get worse and worse meaning, get worse and worse definition | English Cobuild dictionary



1    Worse is the comparative of bad.  
2    Worse is the comparative of badly.  
3    Worse is used to form the comparative of compound adjectives beginning with `bad' and `badly.' For example, the comparative of `badly off' is `worse off'.  
4    If a situation goes from bad to worse, it becomes even more unpleasant or unsatisfactory.  
to go from bad to worse      phrase   V inflects  
For the past couple of years my life has gone from bad to worse.     
5    If a situation changes for the worse, it becomes more unpleasant or more difficult.  
for the worse      phrase   PHR after v  
The grandparents sigh and say how things have changed for the worse.     
6    If a person or thing is the worse for something, they have been harmed or badly affected by it. If they are none the worse for it, they have not been harmed or badly affected by it.  
the worse/none the worse for sth      phrase   PHR after v, PHR n  
Father came home from the pub very much the worse for drink..., They are all apparently fit and well and none the worse for the fifteen hour journey.     
    for better or worse  
Translation English - Cobuild Collins Dictionary  
Collaborative Dictionary     English Cobuild
get drunk or take drugs; get high
something easy to get
launch the process, launch the project, make sure that progress is under way
get seriously involved in a relationship
buy one, get one free
It's a common form of sales promotion. This marketing technique is universally known in the marketing industry by the acronym BOGOF.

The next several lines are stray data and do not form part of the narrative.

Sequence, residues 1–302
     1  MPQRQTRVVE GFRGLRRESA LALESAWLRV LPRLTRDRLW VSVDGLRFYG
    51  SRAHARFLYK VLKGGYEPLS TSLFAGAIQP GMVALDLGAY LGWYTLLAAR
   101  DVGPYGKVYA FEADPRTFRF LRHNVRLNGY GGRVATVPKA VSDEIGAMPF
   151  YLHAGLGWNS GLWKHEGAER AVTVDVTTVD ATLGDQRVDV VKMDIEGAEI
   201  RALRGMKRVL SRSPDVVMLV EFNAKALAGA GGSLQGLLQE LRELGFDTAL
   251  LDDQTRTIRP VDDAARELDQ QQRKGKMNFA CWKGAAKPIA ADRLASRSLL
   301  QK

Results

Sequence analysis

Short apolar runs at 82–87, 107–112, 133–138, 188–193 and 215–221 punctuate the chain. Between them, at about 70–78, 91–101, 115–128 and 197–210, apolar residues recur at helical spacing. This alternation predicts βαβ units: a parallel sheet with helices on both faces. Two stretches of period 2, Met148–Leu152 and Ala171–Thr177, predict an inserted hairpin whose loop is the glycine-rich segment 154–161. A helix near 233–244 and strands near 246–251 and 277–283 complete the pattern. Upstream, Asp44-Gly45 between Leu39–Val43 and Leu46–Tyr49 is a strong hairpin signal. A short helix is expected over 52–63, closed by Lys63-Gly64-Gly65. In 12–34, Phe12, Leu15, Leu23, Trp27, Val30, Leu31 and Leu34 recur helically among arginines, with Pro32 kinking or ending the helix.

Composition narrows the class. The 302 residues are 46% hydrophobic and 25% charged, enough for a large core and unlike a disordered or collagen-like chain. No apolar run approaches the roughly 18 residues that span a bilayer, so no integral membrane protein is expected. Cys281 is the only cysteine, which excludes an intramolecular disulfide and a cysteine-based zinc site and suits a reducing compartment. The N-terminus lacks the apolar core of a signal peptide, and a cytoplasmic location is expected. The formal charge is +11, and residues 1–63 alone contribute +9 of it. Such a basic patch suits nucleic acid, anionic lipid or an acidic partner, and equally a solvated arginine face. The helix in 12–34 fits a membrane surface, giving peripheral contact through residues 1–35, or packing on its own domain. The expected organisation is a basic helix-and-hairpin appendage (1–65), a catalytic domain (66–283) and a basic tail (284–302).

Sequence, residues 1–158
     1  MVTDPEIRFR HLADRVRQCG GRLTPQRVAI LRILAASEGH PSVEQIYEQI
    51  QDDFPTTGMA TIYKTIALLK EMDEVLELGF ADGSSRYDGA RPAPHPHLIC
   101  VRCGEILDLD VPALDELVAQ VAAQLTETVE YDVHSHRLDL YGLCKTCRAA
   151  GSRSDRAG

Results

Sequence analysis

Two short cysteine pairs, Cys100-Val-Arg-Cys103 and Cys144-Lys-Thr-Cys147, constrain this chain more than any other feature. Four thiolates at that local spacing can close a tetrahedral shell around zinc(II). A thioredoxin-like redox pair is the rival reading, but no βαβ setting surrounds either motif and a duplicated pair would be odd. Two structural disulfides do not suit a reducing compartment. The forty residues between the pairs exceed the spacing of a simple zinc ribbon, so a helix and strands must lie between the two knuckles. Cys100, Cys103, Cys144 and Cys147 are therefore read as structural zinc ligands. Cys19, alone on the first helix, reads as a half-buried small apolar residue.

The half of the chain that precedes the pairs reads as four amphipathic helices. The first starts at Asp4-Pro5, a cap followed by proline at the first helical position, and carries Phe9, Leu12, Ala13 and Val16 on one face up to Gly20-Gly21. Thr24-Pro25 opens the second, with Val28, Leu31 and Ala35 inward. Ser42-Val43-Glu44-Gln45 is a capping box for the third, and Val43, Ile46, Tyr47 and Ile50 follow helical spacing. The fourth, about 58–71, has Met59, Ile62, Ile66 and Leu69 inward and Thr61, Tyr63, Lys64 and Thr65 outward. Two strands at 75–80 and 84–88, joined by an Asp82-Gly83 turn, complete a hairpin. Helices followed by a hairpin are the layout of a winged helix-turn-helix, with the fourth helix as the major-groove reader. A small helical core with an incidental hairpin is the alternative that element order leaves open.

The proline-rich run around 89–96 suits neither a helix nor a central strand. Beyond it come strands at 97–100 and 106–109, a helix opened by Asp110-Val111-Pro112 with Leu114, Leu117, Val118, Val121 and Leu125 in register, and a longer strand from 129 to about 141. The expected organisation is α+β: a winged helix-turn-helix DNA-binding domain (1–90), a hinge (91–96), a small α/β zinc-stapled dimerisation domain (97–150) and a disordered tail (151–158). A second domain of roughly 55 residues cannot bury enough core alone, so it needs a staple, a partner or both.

go crazy about something, get enthusiastic
experience a special pleasure, excitement out of smth.; enjoy smth. very much
E.g.: She gets a bang out of shopping.
= get your knickers in a twist/knot
US English, colloquial
go crazy; get angry; lose self-control
E.g.: I will lose it if we keep listening to this song.
have everything together; have all things settled/organized
E.g.: Just when I had got all my ducks in a row and I was ready to go, I received a call and had to cancel my trip.
be negatively impacted by a situation, event.
E.g.: The building is being renovated, but for the moment people living there get the short end of the stick.
to become very upset about something, usually something that is not important
Other expression: to get your knickers in a knot
get rid of a strong feeling towards something or someone
[Informal] If you have done something wrong, tell him and get it out of your system. After the break up, it took him some while to get her out of his system.
from the outset, from the beginning
acronym for Let Me Know, as to ask the other party to get back to you
to get rid of one's frustration (for example by doing something violent or impulsive)
get well with someone from the very beginning of the relationship
used when referring to romantic relationship, but also in a larger meaning: He hit it off with his teacher; he will continue taking classes with her.
to get so focused on the details or intricacies of something that you miss the big picture or the main point
His book subject is quite good, but he tends to miss the forest for the trees. (tending to get in too much detail and miss the essence).
used to point out that small problems or unpleasant events can in the end help things get better
1:to utter taunting words 2:to deride or tease with taunting words 'The Gridiron Show group joked with and gibed at those in the Memphis power structure, politicians mostly. Rarely did anyone get their feelings hurt by the skits in the shows…." — Toby Sells, Memphis Magazine, December 2014
a person who thinks about being an entrepreneur or starting a business but never gets started.


Reverso Community

  • Create your own vocabulary list
  • Contribute to the Collaborative Dictionary
  • Improve and share your linguistic knowledge
"Collins Cobuild English Dictionary for Advanced Learners 4th edition published in 2003 © HarperCollins Publishers 1987, 1995, 2001, 2003 and Collins A-Z Thesaurus 1st edition first published in 1995 © HarperCollins Publishers 1995"